But it come now, it didn't even take 10 years!
It's here, and there are many platforms and big companies involved now.
How much business was affected?
It affected me personally.
They broke me for Rs 60 crores (Rs 600 million).
Because I am a star, I am living to tell the story. Imagine if I was just a producer.
They thought I would kneel but as I told you, I am the great grandson of Gandhi. They did not realise that. (Laughs.)
You have experimented with your looks a lot.
I was trained by a mentor (K Balachander), who thought experiment is the way of life and curiosity is the reason for the ascent of man.
So it is bound to happen.
If I had another kind of guru, I would have been a different man.
You have hosted Bigg Boss. Would you ever want to enter the show as a contestant?
I went on a bigger show (politics). (Laughs.)
There is no escape from it.
Everybody is watching and they will put me in the dock.
There, when the season is over, you are out.
But here, whatever right or wrong I do, it will leave after me. That's the show I have entered.
Anyway, the reason I took on Bigg Boss was also a part of my political plan.
I address 3.2 crore (32 million) viewers. The population of Tamil Nadu is 7.5 (75 million) crore, so every Saturday, I address that crowd. It's an enormous opportunity.
They asked me, why didn't I do a show like Satyamev Jayate?
I replied, 'I am doing it in life, not as a realty show.'
What does success and failure mean to you?
It is just change of words to me.
Success is a bus that takes you to a destination.
Failure is the wrong bus you got into.
The vehicle is the same, the pleasures and problems of travel are the same, but if you don't reach the destination, you get shocked.
The amount of work I put in for Hey! Ram is equal or more than what I did for Vishwaroopam.
Your films are physically demanding. How does your age make it difficult?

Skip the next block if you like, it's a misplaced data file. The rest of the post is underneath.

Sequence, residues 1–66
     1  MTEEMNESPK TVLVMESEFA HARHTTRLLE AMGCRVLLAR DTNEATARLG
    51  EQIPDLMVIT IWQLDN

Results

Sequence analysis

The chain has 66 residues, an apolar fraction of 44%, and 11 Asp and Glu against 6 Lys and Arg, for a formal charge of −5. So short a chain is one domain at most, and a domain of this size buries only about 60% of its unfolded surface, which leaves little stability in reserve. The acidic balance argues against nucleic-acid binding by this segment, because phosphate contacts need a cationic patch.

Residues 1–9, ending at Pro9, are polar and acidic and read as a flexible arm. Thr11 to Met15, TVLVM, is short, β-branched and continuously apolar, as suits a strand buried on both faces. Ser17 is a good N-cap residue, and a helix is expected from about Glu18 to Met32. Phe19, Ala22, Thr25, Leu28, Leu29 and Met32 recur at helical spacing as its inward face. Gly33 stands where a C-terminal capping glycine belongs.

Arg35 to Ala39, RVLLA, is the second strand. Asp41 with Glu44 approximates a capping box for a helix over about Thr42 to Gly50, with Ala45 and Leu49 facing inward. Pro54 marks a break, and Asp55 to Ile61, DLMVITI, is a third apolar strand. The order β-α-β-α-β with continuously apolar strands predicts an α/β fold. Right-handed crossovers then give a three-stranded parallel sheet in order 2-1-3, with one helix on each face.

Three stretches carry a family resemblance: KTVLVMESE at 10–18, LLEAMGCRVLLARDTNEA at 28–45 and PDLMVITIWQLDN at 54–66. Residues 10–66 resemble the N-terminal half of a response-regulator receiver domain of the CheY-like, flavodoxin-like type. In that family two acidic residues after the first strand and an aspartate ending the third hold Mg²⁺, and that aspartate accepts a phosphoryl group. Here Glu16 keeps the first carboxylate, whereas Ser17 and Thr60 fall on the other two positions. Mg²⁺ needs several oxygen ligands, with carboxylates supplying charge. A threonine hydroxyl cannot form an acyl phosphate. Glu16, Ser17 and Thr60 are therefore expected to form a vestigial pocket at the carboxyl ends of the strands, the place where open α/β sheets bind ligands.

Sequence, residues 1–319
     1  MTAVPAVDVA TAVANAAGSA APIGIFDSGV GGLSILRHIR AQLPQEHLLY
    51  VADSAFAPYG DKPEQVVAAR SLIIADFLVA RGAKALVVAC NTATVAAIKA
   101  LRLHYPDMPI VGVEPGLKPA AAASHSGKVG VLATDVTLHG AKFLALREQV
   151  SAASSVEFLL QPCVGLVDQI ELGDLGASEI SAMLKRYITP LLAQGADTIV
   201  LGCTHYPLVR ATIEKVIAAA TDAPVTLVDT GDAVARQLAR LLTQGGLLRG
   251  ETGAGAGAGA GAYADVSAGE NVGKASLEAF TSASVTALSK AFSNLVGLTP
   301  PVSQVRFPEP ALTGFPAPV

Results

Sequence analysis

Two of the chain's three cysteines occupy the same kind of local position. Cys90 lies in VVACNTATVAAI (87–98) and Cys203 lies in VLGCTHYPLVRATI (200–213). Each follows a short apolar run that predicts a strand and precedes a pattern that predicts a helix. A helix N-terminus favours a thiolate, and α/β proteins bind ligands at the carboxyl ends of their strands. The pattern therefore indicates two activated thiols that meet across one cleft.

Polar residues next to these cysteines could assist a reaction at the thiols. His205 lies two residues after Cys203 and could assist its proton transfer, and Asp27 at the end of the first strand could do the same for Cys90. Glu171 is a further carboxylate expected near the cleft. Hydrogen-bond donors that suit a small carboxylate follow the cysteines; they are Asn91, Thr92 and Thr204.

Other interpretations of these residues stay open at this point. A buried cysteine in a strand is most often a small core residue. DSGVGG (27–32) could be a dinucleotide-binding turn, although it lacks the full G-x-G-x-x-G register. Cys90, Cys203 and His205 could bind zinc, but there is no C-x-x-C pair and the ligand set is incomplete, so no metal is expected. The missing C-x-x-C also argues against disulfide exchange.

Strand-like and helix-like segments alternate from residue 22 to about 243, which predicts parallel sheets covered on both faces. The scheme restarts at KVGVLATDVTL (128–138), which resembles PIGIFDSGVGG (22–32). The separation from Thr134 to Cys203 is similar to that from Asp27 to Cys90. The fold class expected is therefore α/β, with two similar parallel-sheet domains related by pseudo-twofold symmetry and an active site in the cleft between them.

It's all in the mind.
Jackie Chan is still flipping back and forth like a rubber ball!
In Limelight, Chaplin does a split. He was 67 then.
Would you like a biopic to be made on you?
I will never agree to that.
If an actor is mimicked by somebody else, the person who is getting mimicked may not laugh, but the rest of the audience will.
What kind of career advice do you give your daughters, Shruti and Akshara?
I help them.
I don't advise a lot because I did not take anyone's advice.
I made my own decisions.
I have always been opinionated, right from the beginning.
I have tried to change their opinions.
I don't know whether it's this Gandhi fixation that I have, but I think you have to change opinion, and the change has to come from within them.
I can't arm-twist them. Maybe that's why my children call me Bapu. I wanted them to call me that.
Your daughters have said they want to act with you in a film.
I don't know, I will try. I don't know whether I have the time.
Both are talented.
Akshara is doing a film for my company now with one of my assistants, who has become a director.
You have been Sridevi's co-star. Have you seen her daughter Janhvi's debut film, Dhadak?
No. Boneysaab (Kapoor) offered to show it, but we were busy with the (political) party then.
Any memories of Sridevi?
I have done 27 films with her. That itself, is an experience.
It's a pity that everybody comes to an end, but this was a little too abrupt and unexpected for me.
Any fond memories of Independence Day?
I remember a time when Shruti and Akshara were eight and five respectively, and it was raining. I insisted that we must still raise the flag.
So we were all wet and saluting in our house!